Almost everybody likes the idea of a property in the country. We see these programmes on tv of folk, already in nice houses but now itching to either downsize, or just up sticks and move to their dream location off the beaten track. Now this is always a lot more difficult to pull off when the couple are set in very established ways and have gotten used to having a lot of space for their living. No end of times you hear the presenter of the programme reminding the couple that the magic words ‘downsize’ and ‘compromise’ were freely banded about at the start of the project but seem to dry up dramatically as each house meets a woeful rejection for not having a big enough kitchen or the bedrooms are too squashed etc. One host of a programme, retaining as much patience and grace as possible managed to convey through gritted teeth that country cottages are necessarily small and pokey with beams – they were built to retain warmth.
I know of a couple who decided to sell up and move away to more convenient climes. They were living in outer London. After struggling to find anything in their price range some years ago and of course, with property changing hands at the most terrifying prices, they decided recently to try and sell so they could move down south to be near her parental baby sitting assistance. . . Property investment had not necessarily featured in their plans but although they advertised the house and several families wanted it – in the end, no one actually bought it in the time window they set aside. So they’re renting it out at staggering rent – and have bought a cheaper house in their desired location. This has been much easier altogether and with the aid of a mortgage broker of great experience, they got a good buy to let deal for the london end. It always pays to use an expert in any dealings with property conveyancing or facilities management.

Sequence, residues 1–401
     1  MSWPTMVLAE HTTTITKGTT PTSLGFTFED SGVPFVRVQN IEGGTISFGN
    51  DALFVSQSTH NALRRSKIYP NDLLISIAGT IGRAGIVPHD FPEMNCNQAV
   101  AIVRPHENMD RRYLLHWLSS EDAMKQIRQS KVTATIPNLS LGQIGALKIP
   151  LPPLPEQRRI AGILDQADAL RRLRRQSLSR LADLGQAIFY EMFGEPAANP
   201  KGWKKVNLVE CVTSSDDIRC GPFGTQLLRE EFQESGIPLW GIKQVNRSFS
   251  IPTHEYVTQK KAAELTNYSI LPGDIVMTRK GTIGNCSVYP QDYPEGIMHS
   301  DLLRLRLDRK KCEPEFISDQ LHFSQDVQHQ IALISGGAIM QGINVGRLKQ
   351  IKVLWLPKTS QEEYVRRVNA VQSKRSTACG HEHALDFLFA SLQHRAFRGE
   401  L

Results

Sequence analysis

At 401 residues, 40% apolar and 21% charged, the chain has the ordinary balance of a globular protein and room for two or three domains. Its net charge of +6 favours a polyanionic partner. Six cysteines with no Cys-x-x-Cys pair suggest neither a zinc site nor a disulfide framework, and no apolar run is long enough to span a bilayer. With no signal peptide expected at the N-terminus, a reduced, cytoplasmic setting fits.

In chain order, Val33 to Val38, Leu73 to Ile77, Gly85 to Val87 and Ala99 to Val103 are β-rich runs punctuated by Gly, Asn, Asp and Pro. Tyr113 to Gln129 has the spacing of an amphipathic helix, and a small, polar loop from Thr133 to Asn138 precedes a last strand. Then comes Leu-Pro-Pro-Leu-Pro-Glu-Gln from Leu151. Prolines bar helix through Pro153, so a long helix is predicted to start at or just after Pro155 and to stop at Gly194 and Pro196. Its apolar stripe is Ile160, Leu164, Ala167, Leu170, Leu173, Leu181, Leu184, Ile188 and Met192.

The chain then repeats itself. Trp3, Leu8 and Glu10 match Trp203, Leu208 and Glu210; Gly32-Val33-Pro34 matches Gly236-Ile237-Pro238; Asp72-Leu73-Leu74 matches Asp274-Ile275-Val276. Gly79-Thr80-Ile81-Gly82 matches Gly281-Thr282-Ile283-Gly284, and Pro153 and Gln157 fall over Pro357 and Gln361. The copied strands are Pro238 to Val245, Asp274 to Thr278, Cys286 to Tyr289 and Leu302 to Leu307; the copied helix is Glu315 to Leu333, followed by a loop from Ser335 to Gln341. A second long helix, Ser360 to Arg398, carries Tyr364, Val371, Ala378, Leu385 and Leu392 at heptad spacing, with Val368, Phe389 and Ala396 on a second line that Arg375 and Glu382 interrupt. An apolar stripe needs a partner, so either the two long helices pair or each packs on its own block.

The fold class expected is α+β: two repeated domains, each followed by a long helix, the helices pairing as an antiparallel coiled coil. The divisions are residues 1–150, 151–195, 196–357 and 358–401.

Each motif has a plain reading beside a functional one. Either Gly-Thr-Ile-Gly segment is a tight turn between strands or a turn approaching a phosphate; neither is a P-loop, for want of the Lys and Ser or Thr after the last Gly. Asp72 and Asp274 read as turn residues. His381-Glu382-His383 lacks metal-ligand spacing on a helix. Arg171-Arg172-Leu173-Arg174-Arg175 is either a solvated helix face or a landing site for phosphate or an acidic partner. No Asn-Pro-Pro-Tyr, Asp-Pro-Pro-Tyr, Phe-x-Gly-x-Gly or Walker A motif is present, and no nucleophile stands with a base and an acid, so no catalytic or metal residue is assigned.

The interesting thing about property development is the wide range of expectations of the buyers when you see them on the tv lifestyle shows. There’s one particular programme that deals with auctions and we meet a huge selection – some will already be experienced in buying and doing up places and others are just setting out on their journey to make millions . . . . The truth of the matter is that some succeed in making a good job of the interior design and others just get the cheapest stuff and tidy up theirs – just for the rental market. When I was renting I would have loved a tidier array of flats than I was ever able to rent – the property investment business had not been a career changer that is is now and it was a matter of finding a postcard in a window offering accommodation; going along to view and checking if it looked fairly safe. The finer points of life never came in to it. Like facilities management, landlord insurance to make sure I was covered if something happened! It’s much safer and nicer for tenants nowadays – thanks to property investors who put in much more effort.